13 July 2014

Settlers killed in Palestine—echoes of another colonialism

The killing of three Jewish teenagers from a West Bank settlement in Palestine brought to mind another colonialism—that of North America. As the Europeans swarmed across the Americas, the Native people found themselves overwhelmed. Sometimes they fought to keep the intruders out, but inevitably they found themselves outmatched by superior numbers and technology. Sometimes out of desperation they would commit violence against the invaders, attacking and killing settlers, the very ones they could see dispossessing them. The attacks could be savage, as acts of desperation often are.

There is a remarkable similarity to what we see happening in Palestine. Although the killers of the Jewish boys have not yet been identified, they may well be militant opponents of Israeli expansion. As with the Native peoples of North America, the Palestinians watch the seemingly inexorable theft of their land, unable to resist forcefully against overwhelming military superiority. Most patiently await the results of negotiated agreement, but a few, frustrated by endless and unproductive chin wagging, act out their frustrations with violence.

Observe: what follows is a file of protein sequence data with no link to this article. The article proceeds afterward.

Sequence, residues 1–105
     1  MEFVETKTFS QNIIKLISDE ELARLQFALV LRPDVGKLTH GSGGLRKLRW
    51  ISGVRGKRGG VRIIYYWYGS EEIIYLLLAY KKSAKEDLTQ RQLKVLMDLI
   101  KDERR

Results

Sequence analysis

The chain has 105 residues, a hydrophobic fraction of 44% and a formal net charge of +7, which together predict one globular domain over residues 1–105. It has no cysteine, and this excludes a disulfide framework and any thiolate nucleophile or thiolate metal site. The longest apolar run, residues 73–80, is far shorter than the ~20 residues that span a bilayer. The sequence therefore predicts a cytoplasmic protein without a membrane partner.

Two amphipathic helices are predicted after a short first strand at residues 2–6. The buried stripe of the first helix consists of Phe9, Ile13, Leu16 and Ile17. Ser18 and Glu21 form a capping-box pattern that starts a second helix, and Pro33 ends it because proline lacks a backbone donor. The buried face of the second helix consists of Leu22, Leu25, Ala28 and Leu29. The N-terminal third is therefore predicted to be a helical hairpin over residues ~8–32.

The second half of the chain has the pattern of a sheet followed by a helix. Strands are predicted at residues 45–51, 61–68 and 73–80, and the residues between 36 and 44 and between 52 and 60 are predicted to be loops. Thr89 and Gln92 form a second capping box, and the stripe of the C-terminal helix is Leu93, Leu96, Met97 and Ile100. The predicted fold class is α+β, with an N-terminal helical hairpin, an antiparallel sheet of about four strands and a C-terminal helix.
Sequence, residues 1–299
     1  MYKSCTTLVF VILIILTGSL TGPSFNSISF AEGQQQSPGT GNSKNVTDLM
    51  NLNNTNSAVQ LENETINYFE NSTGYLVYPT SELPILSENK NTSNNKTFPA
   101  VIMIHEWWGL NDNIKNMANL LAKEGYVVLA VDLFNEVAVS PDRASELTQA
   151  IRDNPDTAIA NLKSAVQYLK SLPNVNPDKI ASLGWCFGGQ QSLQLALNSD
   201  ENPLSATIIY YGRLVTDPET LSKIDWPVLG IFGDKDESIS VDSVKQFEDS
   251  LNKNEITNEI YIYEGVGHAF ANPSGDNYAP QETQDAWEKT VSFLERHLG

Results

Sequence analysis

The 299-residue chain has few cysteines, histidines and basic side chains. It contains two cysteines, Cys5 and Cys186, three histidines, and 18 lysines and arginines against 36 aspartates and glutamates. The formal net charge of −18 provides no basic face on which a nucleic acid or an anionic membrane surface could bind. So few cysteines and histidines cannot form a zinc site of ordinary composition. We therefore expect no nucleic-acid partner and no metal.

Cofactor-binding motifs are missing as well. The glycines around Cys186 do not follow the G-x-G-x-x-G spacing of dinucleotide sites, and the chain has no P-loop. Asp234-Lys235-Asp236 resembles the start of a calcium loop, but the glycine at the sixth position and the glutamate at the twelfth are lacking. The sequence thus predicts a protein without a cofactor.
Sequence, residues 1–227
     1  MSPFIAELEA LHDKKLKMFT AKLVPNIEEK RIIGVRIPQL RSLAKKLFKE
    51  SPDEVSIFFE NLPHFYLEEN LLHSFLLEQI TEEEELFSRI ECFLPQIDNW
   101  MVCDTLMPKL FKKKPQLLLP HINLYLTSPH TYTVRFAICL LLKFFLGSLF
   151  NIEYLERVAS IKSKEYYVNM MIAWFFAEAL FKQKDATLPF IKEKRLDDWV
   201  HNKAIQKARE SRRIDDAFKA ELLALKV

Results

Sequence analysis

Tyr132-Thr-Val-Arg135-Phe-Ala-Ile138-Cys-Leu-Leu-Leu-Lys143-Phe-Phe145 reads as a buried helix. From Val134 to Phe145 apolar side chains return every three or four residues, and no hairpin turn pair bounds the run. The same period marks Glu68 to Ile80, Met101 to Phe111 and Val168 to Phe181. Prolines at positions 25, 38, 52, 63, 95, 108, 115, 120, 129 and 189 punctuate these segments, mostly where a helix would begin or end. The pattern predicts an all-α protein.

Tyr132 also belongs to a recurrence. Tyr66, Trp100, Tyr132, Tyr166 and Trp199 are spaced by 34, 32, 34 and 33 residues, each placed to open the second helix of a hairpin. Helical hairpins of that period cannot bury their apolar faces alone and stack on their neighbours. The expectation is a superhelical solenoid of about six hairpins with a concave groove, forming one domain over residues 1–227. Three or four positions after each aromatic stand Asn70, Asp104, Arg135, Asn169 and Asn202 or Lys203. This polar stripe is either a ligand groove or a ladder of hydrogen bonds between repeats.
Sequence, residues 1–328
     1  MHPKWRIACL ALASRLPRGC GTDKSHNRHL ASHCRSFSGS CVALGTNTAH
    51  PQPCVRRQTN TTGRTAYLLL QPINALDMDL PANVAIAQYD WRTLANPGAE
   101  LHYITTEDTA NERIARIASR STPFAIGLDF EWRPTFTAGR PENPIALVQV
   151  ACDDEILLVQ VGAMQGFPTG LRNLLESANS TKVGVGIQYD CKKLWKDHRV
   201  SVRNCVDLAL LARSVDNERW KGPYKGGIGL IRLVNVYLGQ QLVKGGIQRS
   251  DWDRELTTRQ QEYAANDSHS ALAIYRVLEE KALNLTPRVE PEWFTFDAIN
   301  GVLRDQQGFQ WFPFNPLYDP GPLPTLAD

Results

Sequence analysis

Today we would label the Indians who carried out attacks on settlers as terrorists, as indeed we label the Palestinians who echo their desperation. But these are less acts of terrorism than gestures against colonialism, against land theft.

Just as there are strong similarities between the two stories, there is also at least one significant difference. The Indians were doomed to lose their land, to be left with scraps, as their populations were decimated by the diseases the Europeans brought with them while the numbers of Europeans and others ultimately swelled into the hundreds of millions. The Palestinians, however, do not face the same smothering sea of intruders. Even in Israel, they make up 20 per cent of the population and in Palestine as a whole they make up nearly half, and then there is their diaspora in the surrounding countries, to say nothing of the hundreds of millions of Arab allies in the region. Unlike with the Indians, time and numbers are on their side.

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